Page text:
By Lynn Venhaus
Brendan Fraser is heartbreaking and haunting as a morbidly obese recluse with mental and physical health problems in the difficult-to-watch “The Whale.”
He’s a reclusive English teacher who has an opportunity to reconnect with his estranged teenage daughter (Sadie Sink).
As Charlie, he is attracting year-end awards attention, and deservedly so. It’s a stunning, brave performance from Fraser, possibly his best. He depicts this bruised man as a gentle soul whose tragic flaw was caring too much in a disingenuous environment.
Now 54, he has been acting for three decades. Deemed a heartthrob in his 20s after such films as “George of the Jungle” and “The Mummy,” his varied career has included comedies (“Airheads,” “Encino Man”), dramas (“Gods and Monsters,” “Crash”), TV (“The Affair” and “Trust”), and voice-over animation work (King of the Hill,” “The Simpsons”). Most recently, he’s been playing Cliff Steele on the HBOMax series “Doom Patrol.”
While wearing prosthetics to make him look like a 600-lb. man, Fraser allows us to see the hurting human being inside. Charlie is dying and can’t stop eating himself to death – it’s a choice.
Shots of his girth, his inability to move without assistance, and a trapped, confined, lethargic existence where he shuns easier mobility are painful and sad.
The remarkable transformation was crafted by makeup artist Adrien Morot, who was Oscar nominated for “Barney’s Version,” and has worked on the 2019 “Pet Sematary” reboot and “X-Men: Days of Future Past,” among his credits.
“The Whale” is a bleak adaptation of a play by Samuel D. Hunter on how a character gets into his current predicament because of loss, guilt, and love. The amount of self-loathing makes it painful to witness, but Fraser is never not authentic.
Confined to a run-down two-bedroom home that reflects how frozen in time the lead character is, Charlie has not been able to get past his lover’s suicide years earlier. He has shut himself off from society, hidden away in a grief cocoon of his own making.
A learned man, as reflected by crammed bookshelves, with an academic career – he teaches online English classes, he offers to write his estranged daughter’s high school assignments. He is desperate to reconnect with her, and it becomes a shot at redemption.
As played by Sadie Sink, Ellie is a sullen, snarling, and angry teen who lashes out at everyone, especially her father, whom she blames for many of his failings, and hers. Her dad left when she was 8 years old, because he had fallen in love with one of his students.
The plot connects more dots, because nurse Liz, in a tough-love performance from Hong Chau, has a history with Charlie.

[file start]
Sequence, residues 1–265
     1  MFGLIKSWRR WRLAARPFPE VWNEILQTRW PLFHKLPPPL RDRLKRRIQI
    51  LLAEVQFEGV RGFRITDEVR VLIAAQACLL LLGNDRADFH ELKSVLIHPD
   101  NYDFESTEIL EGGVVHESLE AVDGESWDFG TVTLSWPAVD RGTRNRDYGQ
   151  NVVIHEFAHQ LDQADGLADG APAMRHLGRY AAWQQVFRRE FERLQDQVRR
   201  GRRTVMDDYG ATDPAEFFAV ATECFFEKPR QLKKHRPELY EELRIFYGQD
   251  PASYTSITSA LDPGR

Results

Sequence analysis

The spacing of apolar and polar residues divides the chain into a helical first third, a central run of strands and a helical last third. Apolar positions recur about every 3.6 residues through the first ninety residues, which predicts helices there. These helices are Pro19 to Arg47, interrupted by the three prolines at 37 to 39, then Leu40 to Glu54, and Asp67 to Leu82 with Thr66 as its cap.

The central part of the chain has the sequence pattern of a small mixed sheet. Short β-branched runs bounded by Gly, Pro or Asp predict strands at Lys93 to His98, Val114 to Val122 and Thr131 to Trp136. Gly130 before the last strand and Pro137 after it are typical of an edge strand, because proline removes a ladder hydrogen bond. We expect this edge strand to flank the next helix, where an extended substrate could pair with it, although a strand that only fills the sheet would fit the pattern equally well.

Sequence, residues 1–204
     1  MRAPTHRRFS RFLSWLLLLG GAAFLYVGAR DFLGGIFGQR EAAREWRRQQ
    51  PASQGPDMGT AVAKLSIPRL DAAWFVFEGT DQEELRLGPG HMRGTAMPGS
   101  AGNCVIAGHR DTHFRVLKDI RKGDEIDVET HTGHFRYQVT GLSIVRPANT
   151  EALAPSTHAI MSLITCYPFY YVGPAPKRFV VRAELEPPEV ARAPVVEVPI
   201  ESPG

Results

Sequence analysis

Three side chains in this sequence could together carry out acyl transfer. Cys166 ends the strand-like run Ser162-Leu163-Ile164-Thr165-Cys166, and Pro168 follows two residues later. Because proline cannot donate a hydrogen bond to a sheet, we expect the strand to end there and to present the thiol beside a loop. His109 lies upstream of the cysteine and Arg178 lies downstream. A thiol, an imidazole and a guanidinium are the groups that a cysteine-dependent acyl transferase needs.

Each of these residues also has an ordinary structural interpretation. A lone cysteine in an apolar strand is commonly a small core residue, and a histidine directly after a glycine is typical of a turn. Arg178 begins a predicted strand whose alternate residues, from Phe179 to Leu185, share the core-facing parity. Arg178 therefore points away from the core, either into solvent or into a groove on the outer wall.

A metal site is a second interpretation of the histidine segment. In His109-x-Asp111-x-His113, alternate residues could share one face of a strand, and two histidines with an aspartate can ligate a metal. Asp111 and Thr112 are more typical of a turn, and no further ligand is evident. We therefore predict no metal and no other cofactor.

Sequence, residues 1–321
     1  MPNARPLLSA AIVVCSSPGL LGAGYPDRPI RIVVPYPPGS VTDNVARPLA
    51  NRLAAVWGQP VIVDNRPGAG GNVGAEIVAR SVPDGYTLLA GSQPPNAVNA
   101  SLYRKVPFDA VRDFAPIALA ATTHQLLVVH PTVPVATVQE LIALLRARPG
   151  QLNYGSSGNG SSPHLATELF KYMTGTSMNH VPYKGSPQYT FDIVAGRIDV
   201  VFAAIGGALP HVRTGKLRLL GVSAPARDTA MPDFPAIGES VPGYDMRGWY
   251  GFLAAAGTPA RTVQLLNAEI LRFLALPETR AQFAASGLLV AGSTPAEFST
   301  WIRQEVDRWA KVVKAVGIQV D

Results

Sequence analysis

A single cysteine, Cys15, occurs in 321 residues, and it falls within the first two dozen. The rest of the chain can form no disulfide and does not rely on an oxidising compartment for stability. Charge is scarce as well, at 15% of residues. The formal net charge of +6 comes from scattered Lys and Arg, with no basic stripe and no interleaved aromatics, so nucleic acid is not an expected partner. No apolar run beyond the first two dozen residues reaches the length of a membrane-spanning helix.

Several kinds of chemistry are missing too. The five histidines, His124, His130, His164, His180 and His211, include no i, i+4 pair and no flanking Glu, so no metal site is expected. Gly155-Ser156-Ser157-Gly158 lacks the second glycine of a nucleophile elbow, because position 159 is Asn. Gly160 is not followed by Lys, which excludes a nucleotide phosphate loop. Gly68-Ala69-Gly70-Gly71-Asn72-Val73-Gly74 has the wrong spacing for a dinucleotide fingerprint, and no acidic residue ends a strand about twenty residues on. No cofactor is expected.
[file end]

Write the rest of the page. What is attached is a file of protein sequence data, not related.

She does not indulge in his solitary imprisonment, but at the same time, tries to be realistic about his death march.
The playwright obviously has an axe to grind about evangelicals and their quest for salvation. The religious ties are revealed slowly, but Thomas, a missionary from “New Life Ministries,” looking very similar to a Mormon, attempts a conversion. He’s adroitly played by Ty Simpkins, now grown-up, most known for being the older brother in “Jurassic World” and a kid in “Iron Man 3.”
He is not as innocent as he seems, but seems unfairly targeted by Ellie, who can’t hide her disdain — but the mocking is cruel.
The backstories get sorted out, but no encounter is a random one. Samantha Morton has another outstanding cameo (she is brilliant as an informant in “She Said”) as Charlie’s bitter ex-wife. The resentment is no longer simmering, it’s a full-on rolling boil.
A lot of yelling is directed at Charlie, and between mother and daughter, so the confrontations are blunt and in-your-face. You begin to understand why Charlie wants to be left alone. Why deal with the messiness of humanity?
The playwright, who wrote the film adaptation, set the play in Mormon country in Idaho, and belabors the point repeatedly.
The theme doesn’t vary that much from director Darren Aronofsky’s familiar darker and often nihilistic films (“Requiem for a Dream,” “Black Swan,” “Mother!”).
You can see its stage roots showing, and the author clumsily connects Herman Melville’s “Moby Dick” obsession to the situation facing Charlie, while the evangelical ties are also heavy-handed.
Even though glimmers of hope emerge, when Charlie says: “Who would want me to be part of their life?,” it’s a gut-punch.
There are two gasp-worthy scenes – an eat-your-feelings binge that’s horrifying and a devastating reveal to students, that one must summon empathy and compassion or check out.
So much of the distressing story has a “too little, too late” tinge to it, adding to the feelings of regret and recrimination that permeate the space.
Because of the script’s complexities, you know that the ending won’t be a sweet, sappy resolution. Yet, the way it concludes is still unexpected.
Overall, “The Whale” is an unsettling and uneven work, marked by good performances that deserved better material.
“The Whale” is a 2022 drama directed by Darren Aronofsky and starring Brenda Fraser, Sadie Sink, Hong Chau and Ty Simpkins. It’s rated R for some language, some drug use and sexual content and has a 1 hour, 57 minutes runtime. It opened in select theaters Dec. 21. Lynn’s Grade: C.
Lynn Venhaus has had a continuous byline in St. Louis metro region publications since 1978. She is a Rotten Tomatoes-approved film critic, currently reviews films for Webster-Kirkwood Times and KTRS Radio, covers entertainment for PopLifeSTL.com and co-hosts podcast PopLifeSTL.com…Presents, and writes features and news for Belleville News-Democrat and contributes to other publications. She is a member of CCA, AWFJ and St. Louis Film Critics Association. She is a founding member of the St. Louis Theater Circle.